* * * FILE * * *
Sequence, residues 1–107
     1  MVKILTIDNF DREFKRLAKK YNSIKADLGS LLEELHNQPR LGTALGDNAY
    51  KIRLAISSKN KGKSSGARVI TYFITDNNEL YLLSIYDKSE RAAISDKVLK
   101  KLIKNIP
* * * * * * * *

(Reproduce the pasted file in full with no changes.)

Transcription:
Sequence, residues 1–107
     1  MVKILTIDNF DREFKRLAKK YNSIKADLGS LLEELHNQPR LGTALGDNAY
    51  KIRLAISSKN KGKSSGARVI TYFITDNNEL YLLSIYDKSE RAAISDKVLK
   101  KLIKNIP